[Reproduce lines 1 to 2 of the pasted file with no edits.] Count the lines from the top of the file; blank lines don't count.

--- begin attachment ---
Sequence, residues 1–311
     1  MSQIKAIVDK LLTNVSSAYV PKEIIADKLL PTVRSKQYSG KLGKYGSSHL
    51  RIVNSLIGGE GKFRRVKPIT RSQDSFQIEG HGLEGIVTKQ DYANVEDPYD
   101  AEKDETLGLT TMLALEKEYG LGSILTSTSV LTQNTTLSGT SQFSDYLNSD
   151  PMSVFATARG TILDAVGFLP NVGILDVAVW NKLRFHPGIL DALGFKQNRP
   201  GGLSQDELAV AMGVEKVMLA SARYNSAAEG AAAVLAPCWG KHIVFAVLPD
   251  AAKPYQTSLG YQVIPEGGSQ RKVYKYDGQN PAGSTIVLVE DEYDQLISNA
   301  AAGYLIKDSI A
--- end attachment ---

Sequence, residues 1–311
     1  MSQIKAIVDK LLTNVSSAYV PKEIIADKLL PTVRSKQYSG KLGKYGSSHL